Direct and Indirect Speech
There are multiple situations when an individual requires to explain an event or activity that occurred. However, this mostly necessitates re-stating what somebody said. These kinds of instances can occur in a social setting or in official mails or conference.
Two kinds of speech are employed to define/describe what somebody said: direct speech and indirect speech (or reported speech). Also, these depend on the kind of conversation - formal or informal.
In informal conversations, indirect speech is used, and direct speech is not used until and unless the speaker uses a quote.
For English learners, direct and indirect speech might be confusing. Let's define the terminology first, then learn how to speak about what someone said and how to change direct to indirect speech or vice versa.
You can reply to the enquiry, "What did he say?" in two different ways:
by repeating what was spoken (direct speech)
by reporting what was said (indirect or reported speech).
The literal words uttered are re-stated or quoted in the direct speech. Whenever we utilize direct speech in our speech or text, we place the terms spoken in-between the quotation marks ("") and make no changes to these.
Through this one could be reporting something that is being said at present (for instance, a telephone dialogue) or informing somebody about a prior chat.
There is no commentary or annotation in direct speaking; the statements are taken straight from one source and conveyed to another. In simple words, we take the presenter's words directly and reproduce them exactly as he or she spoke them.
The direct speech is displayed in quotations in these samples, indicating that it was taken straight from the original with no changes.
This type of speech is when you report what somebody has said in your wording without modifying the real message or meaning of what has been stated. Indirect speech is sometimes known as the reported speech. It is also known as indirect dialogue or indirect narrative.
Indirect speech, also called reported speech, occurs when we describe words or phrases in our own language. Instead of being quoted, the actual words are edited and/or interpreted.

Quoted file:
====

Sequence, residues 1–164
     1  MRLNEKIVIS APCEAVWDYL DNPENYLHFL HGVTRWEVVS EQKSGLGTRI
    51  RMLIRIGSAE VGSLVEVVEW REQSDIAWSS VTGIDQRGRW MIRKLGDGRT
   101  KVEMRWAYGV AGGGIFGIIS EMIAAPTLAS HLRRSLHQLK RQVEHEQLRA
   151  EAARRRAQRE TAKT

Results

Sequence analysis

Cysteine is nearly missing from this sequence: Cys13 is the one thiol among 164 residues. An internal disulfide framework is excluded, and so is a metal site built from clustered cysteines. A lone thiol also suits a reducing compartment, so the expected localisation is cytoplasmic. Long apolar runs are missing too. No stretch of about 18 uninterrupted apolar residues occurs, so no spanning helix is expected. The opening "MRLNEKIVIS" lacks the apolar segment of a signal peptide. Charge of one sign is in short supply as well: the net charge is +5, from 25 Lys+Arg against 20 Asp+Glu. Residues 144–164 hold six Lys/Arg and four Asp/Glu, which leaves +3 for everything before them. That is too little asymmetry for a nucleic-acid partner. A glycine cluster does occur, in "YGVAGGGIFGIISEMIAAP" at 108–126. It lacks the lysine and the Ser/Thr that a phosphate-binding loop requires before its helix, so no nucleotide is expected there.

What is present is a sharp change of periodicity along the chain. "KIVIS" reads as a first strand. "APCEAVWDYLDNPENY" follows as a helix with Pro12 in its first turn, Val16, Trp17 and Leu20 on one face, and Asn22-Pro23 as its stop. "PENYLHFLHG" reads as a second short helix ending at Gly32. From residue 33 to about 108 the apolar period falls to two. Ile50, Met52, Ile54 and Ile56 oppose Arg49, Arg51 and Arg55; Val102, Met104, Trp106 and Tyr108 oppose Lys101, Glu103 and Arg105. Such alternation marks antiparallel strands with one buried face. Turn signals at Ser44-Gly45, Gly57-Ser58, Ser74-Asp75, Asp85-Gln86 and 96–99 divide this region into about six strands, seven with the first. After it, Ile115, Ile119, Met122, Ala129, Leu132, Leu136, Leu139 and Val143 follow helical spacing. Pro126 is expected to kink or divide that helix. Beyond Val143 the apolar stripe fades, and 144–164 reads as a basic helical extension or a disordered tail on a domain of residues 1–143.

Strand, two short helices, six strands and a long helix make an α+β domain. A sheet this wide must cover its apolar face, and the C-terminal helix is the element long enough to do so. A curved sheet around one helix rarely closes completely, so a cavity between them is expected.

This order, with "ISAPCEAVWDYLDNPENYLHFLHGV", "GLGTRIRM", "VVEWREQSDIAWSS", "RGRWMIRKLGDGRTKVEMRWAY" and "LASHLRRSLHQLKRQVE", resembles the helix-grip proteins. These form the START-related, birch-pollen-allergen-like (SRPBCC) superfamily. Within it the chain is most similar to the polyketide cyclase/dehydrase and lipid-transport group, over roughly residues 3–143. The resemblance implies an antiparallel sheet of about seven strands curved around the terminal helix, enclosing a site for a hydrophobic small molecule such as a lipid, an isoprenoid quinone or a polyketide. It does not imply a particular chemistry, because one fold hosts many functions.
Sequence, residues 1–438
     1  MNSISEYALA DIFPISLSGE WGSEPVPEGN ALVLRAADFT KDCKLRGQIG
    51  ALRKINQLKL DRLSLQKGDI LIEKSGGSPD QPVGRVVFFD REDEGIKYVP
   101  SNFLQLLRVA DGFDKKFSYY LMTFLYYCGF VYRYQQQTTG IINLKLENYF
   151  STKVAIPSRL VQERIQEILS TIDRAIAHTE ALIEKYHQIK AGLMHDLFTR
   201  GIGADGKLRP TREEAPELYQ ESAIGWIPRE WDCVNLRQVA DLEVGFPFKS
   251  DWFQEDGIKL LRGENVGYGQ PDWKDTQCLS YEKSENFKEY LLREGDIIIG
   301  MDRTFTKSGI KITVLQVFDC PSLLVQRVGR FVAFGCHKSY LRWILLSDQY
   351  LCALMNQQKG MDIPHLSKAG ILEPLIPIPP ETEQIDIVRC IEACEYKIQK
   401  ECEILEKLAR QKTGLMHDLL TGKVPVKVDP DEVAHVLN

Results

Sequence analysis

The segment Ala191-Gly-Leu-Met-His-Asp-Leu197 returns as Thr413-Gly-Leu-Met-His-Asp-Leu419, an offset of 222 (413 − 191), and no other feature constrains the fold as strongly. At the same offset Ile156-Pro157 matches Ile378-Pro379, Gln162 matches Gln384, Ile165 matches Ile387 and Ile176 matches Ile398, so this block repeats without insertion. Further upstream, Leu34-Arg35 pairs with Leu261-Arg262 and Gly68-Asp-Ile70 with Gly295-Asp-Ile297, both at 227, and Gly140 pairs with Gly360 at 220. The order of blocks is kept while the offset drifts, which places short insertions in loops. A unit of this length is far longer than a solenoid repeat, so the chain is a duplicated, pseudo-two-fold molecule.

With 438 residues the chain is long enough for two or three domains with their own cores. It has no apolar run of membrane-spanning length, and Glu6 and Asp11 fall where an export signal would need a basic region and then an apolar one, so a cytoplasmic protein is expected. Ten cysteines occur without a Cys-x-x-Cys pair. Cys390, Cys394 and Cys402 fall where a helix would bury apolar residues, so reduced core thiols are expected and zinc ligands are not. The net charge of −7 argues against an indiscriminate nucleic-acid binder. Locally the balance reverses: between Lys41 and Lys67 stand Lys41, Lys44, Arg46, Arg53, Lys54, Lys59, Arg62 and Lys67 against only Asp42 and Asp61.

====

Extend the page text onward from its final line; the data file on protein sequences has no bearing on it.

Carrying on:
We employ phrases that refer to something that has already occurred while discussing indirect communication. To do so, we use the past tense and summarize, amend, or synthesize what has already been spoken.
In order to show indirect discourse, reporting verbs are needed. The most frequent are:
The term "that" is in the bracket and can be hidden or removed from the sentence- spoken or written.
Following are some instances of indirect speech :
Using the words say or 'tell. '
In Indirect speech, one must also employ the term 'tell' ('told' in the past tense) rather than the term 'say'. However, one must incorporate the object pronoun.
Often the term 'say' is employed when there is no indirect object:
She said that she was exhausted.
Whereas always use the term 'tell' when you talk about who was being spoken to (i.e., with an indirect object) :
She told me that she was exhausted.
As an example:
Modifying Time Expressions
Whenever we use reporting speech, it is often important to adjust the time phrases particularly whenever speaking about the past tense and the reference to the timing no longer implies. As an instance :
Below are some of the instances of the same :
When reporting a question, the interrogative form must be converted into a positive statement, with the verb tense shifted one step back, as with ordinary reported speech.
We can report two groups of inquiries: yes/no questions and inquiries that start begin a questioning term like 'what,' 'where,' 'who,' etc. When reporting a yes/no question, we use the word 'if.' As an instance :
Direct speech: "Does she reside here? "
Indirect speech: He asked me whether she resided here.
In the above- mentioned statement, the verb 'do' is removed from the reported form of the question since it is not a query anymore, and the verb 'reside' is changed to 'resided'.